When Google announced Android Auto in 2014, it took another year for the tech giant to roll it out with different car models. At the moment, this feature is now supported by the majority of major car manufacturers and aftermarket head unit makers. While screen sizes for different infotainment systems vary, one of the things that were common with every car model and aftermarket head unit is that you needed to connect your mobile device with a cable to use Android Auto.
Fortunately, this changed a while ago with the addition of the wireless Android Auto.
What is Android Auto Wireless?
Android Auto has a lot of impressive features, and one of them is the ability to pair your phone and car without using any cables. This enables you to get the same functionality you would get if you used a cable. It will still let you access your messaging app and take phone calls on the road.
For your safety, you can also use pre-set replies through Google Assistant. As you might imagine, this greatly minimizes distractions. As mentioned before, in the past, you needed to connect your phone to the car using a USB to access Android Auto’s functions.
Android Auto Wireless lets you maintain that connection after disconnecting the USB cable. One of the main benefits of using the wireless mode is that there is no need to keep plugging and unplugging your phone each time you go somewhere. If you drive long distances and need to charge your phone, you can plug it in.
Otherwise, Android Auto will automatically connect your mobile device to the car’s stereo system the moment you get into the car.
How Does Android Auto Wireless Work?
The majority of connections between vehicle radios and phones use Bluetooth. This is how most hands-free devices work. You can also use Bluetooth to stream music.
However, Bluetooth connections between phones and car radios do not have enough bandwidth to support Android Auto wirelessly. If you want to use Android Auto wirelessly, you will need to tap into the Wi-Fi functionality of your mobile device and car radio. As you might imagine, this means Android Auto only works with cars that have Wi-Fi functionality.
Furthermore, compatibility is limited to specific stereo systems and mobile phones designed to support Android Auto. When a car radio pairs with a compatible phone, you can use Android Auto like the wired version. Your phone will do all the heavy lifting, and you can access information stored on it through the car radio.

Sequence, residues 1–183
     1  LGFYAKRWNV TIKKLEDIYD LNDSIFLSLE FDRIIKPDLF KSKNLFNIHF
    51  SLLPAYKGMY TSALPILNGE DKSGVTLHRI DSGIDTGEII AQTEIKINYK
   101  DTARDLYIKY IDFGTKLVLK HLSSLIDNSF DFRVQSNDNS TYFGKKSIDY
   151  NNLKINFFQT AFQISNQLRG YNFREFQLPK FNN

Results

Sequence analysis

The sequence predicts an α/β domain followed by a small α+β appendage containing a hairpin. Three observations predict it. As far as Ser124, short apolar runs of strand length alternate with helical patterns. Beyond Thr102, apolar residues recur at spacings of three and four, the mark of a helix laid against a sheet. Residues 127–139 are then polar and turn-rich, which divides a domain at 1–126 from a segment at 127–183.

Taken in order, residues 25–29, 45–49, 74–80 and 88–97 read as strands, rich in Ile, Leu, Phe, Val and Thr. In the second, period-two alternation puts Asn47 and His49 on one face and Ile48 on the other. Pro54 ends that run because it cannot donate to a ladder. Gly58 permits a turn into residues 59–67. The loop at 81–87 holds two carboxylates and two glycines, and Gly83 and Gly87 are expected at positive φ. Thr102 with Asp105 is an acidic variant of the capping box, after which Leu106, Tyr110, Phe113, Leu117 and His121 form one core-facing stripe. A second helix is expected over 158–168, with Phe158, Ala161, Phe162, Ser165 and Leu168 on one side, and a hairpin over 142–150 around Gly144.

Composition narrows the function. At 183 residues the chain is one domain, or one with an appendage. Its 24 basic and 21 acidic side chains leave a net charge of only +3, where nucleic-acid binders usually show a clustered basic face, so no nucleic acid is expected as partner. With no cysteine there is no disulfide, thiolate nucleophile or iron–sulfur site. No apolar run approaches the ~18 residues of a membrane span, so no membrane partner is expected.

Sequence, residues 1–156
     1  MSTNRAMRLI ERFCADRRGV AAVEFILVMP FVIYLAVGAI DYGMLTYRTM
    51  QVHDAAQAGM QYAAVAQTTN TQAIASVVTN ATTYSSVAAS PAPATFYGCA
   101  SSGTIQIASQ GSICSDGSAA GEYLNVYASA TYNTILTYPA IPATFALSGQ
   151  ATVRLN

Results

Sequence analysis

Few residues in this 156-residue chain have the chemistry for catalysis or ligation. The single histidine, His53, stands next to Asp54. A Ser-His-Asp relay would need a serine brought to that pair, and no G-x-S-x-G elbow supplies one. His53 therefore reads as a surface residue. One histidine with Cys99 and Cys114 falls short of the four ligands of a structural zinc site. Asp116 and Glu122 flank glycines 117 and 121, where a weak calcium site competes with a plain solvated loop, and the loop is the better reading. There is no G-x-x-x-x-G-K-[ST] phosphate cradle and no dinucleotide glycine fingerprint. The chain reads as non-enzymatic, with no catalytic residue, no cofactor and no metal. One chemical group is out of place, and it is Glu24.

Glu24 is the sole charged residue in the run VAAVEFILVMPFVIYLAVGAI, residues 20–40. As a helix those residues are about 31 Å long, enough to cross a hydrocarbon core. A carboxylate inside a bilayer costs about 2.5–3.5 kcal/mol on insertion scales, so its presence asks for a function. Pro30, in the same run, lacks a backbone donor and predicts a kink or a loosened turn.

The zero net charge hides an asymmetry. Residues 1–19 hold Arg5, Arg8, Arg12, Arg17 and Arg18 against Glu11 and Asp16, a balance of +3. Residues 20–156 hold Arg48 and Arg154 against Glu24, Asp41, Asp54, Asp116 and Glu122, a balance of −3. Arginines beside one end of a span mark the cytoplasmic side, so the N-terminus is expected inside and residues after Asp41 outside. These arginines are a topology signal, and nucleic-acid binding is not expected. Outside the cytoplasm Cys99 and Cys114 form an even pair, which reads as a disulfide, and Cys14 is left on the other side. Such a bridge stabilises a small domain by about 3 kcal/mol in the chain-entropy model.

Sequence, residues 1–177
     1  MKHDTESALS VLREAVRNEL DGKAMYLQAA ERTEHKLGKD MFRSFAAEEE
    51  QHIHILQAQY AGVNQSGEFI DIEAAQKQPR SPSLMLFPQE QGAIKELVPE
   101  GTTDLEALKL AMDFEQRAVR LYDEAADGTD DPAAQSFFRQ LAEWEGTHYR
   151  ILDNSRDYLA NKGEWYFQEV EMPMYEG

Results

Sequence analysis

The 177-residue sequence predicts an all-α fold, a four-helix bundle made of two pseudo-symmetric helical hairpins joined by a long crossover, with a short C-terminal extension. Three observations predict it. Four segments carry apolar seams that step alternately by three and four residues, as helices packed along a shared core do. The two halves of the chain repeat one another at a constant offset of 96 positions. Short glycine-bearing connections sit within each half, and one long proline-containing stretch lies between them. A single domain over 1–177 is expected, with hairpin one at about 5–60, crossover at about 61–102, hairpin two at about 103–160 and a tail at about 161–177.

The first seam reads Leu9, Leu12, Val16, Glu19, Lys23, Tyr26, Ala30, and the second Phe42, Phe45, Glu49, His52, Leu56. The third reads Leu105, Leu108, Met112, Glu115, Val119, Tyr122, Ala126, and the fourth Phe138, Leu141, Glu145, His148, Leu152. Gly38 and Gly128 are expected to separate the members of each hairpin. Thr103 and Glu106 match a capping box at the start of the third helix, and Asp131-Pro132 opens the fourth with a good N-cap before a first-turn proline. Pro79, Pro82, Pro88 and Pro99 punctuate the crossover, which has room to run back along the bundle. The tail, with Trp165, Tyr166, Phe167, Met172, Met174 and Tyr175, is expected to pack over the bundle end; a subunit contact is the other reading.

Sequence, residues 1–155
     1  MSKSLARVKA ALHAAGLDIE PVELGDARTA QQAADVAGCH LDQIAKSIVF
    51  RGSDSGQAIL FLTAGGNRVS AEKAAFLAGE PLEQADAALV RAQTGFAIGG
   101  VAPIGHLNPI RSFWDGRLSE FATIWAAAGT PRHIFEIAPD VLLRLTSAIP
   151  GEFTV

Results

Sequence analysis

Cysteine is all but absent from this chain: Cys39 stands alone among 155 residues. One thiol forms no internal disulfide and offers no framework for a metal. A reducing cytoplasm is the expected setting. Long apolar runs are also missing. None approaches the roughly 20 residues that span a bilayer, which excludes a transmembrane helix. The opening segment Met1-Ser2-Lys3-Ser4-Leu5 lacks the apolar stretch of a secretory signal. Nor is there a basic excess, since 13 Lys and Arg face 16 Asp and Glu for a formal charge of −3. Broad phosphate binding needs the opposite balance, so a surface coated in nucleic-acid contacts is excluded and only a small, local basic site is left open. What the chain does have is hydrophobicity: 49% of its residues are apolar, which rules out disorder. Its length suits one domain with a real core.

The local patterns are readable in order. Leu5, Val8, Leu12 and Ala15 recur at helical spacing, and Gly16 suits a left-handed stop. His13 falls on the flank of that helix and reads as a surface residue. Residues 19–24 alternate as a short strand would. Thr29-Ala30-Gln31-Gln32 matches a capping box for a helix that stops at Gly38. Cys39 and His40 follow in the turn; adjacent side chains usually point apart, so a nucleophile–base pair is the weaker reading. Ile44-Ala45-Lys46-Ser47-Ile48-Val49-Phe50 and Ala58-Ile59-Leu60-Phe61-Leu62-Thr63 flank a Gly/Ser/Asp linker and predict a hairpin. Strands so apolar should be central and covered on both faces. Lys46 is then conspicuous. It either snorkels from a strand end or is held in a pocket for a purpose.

For instance, you can use driving directions, and you will still be able to get your answers from Google through the car speakers.
What is Needed to Use Android Auto Wirelessly?
To use Android Auto wirelessly, you will need a compatible Android device and a car radio with built-in Wi-Fi. The majority of head units that support Android Auto are not able to use wireless functionality. Even if your stereo system has Wi-Fi, it needs to be certified to use its connection this way.
Apart from the stereo system, you also need a phone that runs 9.0 Pie through Android 11. The only phone that will work with Android Auto even if it has Android 8.0 is the Google Pixel.
Is It Possible to Use Android Auto Wirelessly on a Phone or Head Unit that Doesn’t Support it?
If your phone or head unit doesn’t support Android Auto straight out of the box, you can choose to either wait for an update that may not come, or you can improvise. Unfortunately, unless you are very tech-savvy, improving might be a bit tricky for you. If you are an advanced user, you will be able to use Android Auto wirelessly with almost any device that can run Android Auto.
However, that takes a lot of extra work. Also, this is an unofficial method, so you won’t get support from Google. To get Android Auto wirelessly on a head unit that doesn’t natively support it, you will need a USB cable, an Android TV stick, and a head unit that supports Android Auto.
The general idea is to use the TV stick as a Wi-Fi antenna for your stereo system. This will enable it to connect wirelessly to your phone. Unfortunately, it’s still a lot more complicated than just connecting the TV stick to your radio.